Stirring remains of a Jewish village from the Hasmonean period, approximately 2000 years old, are currently being uncovered in a salvage excavation conducted by the Israel Antiquities Authority in the Sharafat neighborhood of eastern Jerusalem, ahead of a construction project of an elementary school.
The excavation, funded by the Moriah Jerusalem development corporation on behalf of the Jerusalem municipality, has yielded remains of a large wine-press containing fragments of many storage jars, a large cave where burial urns were stored and displayed, a rock-cut birdhouse, an olive press, a large ritual bath, (second one to be discovered in the area), a water cistern, rock quarries and installations.
The most significant feature of the excavation is an extravagant burial estate, which included a corridor leading to a large courtyard chiseled into the bedrock. The courtyard had an encompassing bench, with the entrance to the burial cave from its façade. The cave included several chambers, each with oblong burial niches chiseled into the walls. The cave was sealed, in keeping with Jewish laws of respecting the dead.
Ya’akov Billig, Director of the excavations on behalf of the IAA, stated: “It seems that this burial estate served a wealthy or prominent family during the Hasmonean period. The estate was in use for a few generations as was common in that era.”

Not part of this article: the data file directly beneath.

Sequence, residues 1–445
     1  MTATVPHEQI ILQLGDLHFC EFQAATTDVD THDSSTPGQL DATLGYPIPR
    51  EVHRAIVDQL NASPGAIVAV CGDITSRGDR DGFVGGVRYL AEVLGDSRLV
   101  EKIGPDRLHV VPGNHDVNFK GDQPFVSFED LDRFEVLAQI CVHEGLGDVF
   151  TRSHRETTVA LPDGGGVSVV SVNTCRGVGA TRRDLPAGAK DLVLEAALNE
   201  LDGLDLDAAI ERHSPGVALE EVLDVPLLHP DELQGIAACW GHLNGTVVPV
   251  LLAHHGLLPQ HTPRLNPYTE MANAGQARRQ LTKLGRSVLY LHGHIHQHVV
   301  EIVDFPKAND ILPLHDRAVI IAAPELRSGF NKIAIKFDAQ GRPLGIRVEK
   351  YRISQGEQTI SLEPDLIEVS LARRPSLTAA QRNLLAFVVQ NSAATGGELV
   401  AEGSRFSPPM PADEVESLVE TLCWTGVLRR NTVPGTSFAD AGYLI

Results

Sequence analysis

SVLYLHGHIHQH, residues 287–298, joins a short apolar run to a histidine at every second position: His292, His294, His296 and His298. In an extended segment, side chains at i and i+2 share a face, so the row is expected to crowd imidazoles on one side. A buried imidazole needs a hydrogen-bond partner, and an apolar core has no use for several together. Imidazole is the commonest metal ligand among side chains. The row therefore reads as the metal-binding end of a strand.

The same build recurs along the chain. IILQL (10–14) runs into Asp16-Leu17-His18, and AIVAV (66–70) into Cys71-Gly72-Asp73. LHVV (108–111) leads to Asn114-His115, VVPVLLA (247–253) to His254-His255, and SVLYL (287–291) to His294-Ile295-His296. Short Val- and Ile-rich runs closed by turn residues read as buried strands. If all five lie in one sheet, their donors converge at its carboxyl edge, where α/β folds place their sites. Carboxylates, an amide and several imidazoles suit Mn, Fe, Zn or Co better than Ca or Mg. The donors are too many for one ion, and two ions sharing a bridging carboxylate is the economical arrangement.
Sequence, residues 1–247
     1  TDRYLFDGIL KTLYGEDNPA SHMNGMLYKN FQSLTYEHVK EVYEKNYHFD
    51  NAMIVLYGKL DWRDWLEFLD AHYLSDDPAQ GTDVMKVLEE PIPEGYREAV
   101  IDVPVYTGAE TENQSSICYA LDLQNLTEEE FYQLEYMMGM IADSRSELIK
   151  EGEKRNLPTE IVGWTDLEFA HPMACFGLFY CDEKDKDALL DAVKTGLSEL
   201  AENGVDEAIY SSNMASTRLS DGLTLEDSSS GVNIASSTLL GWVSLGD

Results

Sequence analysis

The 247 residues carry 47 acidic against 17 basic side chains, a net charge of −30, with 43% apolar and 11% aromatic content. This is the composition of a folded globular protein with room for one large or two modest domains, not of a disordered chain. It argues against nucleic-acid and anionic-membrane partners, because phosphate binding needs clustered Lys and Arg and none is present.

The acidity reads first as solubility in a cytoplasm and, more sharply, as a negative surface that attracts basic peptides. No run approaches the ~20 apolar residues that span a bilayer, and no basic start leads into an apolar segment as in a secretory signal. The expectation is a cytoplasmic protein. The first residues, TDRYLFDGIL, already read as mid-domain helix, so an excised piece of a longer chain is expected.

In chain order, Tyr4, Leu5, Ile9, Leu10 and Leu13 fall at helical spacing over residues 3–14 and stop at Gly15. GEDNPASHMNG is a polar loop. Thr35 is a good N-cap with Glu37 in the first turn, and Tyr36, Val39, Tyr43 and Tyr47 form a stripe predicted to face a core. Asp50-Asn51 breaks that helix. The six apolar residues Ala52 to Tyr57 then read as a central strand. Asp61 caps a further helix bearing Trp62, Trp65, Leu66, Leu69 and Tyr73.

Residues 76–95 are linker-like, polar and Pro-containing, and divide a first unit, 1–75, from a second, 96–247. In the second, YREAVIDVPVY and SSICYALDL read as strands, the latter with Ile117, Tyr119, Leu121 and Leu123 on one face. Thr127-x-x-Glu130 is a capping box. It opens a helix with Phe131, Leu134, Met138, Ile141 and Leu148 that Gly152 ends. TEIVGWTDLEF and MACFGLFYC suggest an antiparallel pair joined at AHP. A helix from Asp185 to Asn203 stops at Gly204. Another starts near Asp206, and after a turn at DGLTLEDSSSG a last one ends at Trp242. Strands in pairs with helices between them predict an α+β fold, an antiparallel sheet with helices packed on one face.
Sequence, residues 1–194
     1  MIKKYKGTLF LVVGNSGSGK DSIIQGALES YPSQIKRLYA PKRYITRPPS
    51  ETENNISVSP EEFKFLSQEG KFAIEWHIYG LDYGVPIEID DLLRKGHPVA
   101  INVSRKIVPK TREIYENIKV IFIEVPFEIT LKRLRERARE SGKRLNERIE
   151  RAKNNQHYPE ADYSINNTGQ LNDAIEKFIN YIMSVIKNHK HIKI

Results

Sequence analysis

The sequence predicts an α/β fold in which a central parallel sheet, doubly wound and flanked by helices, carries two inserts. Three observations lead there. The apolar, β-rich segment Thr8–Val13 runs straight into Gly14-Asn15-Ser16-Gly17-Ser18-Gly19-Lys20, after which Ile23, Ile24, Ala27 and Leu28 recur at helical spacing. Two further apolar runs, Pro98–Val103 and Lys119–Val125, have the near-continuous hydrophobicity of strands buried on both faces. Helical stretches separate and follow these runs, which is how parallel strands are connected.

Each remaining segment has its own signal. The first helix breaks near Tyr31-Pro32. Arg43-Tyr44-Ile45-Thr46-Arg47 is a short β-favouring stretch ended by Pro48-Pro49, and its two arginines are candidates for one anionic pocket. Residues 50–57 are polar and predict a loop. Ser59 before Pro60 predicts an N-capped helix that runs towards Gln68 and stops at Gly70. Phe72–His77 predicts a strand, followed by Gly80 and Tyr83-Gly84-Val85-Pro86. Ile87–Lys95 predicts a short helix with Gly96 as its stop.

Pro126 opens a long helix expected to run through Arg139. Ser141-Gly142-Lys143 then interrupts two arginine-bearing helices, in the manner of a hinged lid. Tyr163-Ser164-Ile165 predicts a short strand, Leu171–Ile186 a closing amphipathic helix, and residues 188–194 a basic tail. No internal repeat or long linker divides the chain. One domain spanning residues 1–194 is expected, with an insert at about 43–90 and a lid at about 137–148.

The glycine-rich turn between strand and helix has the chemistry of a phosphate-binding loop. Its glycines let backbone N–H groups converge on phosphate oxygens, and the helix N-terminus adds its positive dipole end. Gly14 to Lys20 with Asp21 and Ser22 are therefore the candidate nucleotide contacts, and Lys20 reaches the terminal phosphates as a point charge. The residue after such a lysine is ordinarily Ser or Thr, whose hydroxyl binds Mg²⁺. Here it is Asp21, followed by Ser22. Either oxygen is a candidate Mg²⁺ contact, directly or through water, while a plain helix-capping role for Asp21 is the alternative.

The earth which covered the courtyard of the burial estate contained some large building stones, some of which constituted elaborate architectural elements common during the second-temple period. Most interesting is a Doric capital of a heart-shaped pillar. A few cornice fragments were also found. Such quality craftsmanship of architectural elements is very rare, and it is found mostly in monumental buildings or burial estates in the Jerusalem area, such as the burial estate of the priestly family of Benei Hezir in the Kidron valley and several tombs in the Sanhedriah neighborhood of western Jerusalem.
The current excavation has only exposed a small part of a larger village that existed to its south. However, despite the limited excavation, the finds seem to indicate that the village was agricultural, and among other things produced wine and olive oil, and bred doves. Doves were an important commodity during the time of the Second Temple, since they were used as sacrificial offerings. The doves’ meat and eggs were common food at the time, and their droppings were used as fertilizer.